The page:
While Senator Jim DeMint uses his seat in our nation’s capital to mock energy efficiency and shoot down plans for efficient, economical transportation in the United States, local groups are doing the quiet work of building a better transportation system from the ground up.
The Friends of Midcoast Maine, for instance, have been scheduling meetings with members of local planning boards to do some quiet, practical, neighborly lobbying. Just last night, Friends member Jane Lafleur met with representatives from the coastal towns of Belfast, Rockland, Rockport and Tenants Harbor, not to propose some large multimillion-dollar project, but to talk about a large number of small practical steps that, taken over years, can inexpensively yet profoundly shift a town’s transportation culture away from reliance on the automobile and toward support for walking and bicycling. As explained by the Friends in their presentation, the first step for town planners include identification of a community’s generators of traffic such as schools, libraries, groceries, local government and dense residential areas. The targeted development and maintenance of sidewalks and bicycle lanes between these generators can significantly cut car use. Other relatively inexpensive steps involve the inclusion of bicycle lanes when building or rebuilding roads (compared to the cost of constructing wholly new lanes), structuring housing developments to avoid dead-end roads and encourage roads that are multiply connected to one another, and building trails to connect major roads where the construction of new connecting roads are impossible in a space or prohibitively expensive.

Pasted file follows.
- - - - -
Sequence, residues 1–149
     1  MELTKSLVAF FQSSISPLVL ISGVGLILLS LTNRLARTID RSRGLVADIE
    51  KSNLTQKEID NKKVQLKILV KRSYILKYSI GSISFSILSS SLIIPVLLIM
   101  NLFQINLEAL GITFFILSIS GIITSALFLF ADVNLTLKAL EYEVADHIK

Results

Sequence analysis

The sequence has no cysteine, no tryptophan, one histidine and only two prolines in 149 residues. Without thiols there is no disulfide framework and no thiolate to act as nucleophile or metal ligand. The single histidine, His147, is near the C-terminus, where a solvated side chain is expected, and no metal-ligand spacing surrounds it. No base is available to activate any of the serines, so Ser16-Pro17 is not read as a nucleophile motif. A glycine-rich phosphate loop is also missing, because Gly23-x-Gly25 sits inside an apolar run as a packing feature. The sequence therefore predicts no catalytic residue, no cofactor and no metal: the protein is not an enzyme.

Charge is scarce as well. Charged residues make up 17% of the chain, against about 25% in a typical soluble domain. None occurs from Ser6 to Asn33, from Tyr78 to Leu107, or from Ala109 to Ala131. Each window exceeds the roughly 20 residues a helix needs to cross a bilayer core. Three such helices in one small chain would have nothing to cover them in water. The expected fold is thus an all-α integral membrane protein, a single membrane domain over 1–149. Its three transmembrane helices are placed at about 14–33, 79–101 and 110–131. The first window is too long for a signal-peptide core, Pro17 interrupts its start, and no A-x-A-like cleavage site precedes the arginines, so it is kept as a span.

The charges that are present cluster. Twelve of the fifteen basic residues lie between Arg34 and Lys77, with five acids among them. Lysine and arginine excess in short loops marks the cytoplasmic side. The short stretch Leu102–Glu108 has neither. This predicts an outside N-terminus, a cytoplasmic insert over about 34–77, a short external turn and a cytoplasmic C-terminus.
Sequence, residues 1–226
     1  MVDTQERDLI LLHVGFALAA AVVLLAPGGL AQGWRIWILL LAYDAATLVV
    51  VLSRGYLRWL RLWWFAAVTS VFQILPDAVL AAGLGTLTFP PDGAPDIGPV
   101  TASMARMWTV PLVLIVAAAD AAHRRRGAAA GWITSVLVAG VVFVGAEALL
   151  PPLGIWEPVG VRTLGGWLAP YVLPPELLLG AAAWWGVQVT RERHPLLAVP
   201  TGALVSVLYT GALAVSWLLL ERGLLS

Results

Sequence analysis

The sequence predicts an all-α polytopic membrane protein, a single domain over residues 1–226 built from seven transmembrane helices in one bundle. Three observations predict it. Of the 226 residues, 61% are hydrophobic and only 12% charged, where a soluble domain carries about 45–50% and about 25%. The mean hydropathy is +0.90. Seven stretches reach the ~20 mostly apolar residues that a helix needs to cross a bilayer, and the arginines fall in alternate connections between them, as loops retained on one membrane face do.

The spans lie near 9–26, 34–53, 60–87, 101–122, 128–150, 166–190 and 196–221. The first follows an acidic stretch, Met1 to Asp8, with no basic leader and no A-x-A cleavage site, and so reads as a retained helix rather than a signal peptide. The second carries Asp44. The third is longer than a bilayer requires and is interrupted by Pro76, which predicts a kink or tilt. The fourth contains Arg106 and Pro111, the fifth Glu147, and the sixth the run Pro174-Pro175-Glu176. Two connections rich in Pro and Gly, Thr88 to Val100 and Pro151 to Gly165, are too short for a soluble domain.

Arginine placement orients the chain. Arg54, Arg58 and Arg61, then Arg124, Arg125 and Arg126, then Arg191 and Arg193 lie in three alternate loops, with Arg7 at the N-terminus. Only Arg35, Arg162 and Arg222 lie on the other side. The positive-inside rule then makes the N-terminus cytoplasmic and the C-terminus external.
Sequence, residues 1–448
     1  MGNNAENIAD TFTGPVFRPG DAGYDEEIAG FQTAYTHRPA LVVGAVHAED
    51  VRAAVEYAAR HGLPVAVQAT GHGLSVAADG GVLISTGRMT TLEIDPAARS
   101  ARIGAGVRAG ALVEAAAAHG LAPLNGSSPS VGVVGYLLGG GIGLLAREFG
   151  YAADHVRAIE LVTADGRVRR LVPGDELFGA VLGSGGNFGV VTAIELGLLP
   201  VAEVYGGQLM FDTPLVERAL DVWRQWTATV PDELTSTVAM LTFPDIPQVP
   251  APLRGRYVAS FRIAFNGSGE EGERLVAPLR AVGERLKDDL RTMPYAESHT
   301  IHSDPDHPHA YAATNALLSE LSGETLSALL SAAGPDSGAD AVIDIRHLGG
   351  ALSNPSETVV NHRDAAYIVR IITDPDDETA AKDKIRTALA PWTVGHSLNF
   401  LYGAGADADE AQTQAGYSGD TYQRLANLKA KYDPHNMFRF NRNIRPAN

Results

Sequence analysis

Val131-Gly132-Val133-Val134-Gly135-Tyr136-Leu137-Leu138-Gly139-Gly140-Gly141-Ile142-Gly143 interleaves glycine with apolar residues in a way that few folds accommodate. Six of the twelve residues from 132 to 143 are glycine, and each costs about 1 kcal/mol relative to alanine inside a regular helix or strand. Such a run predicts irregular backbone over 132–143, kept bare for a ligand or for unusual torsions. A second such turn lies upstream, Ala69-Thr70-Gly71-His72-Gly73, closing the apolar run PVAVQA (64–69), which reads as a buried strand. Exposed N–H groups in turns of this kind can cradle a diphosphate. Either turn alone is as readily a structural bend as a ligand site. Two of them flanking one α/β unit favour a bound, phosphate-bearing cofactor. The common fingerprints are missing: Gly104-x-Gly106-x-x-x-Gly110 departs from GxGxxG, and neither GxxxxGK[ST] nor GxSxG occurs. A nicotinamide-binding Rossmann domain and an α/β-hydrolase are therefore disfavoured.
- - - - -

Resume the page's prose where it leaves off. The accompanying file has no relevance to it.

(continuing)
Senator DeMint will continue to appear prominently on FOX News and C-SPAN with his denigrations of environmental sensibility. But it is the low-key work of organizations such as Friends of Midcoast Maine that should be lauded.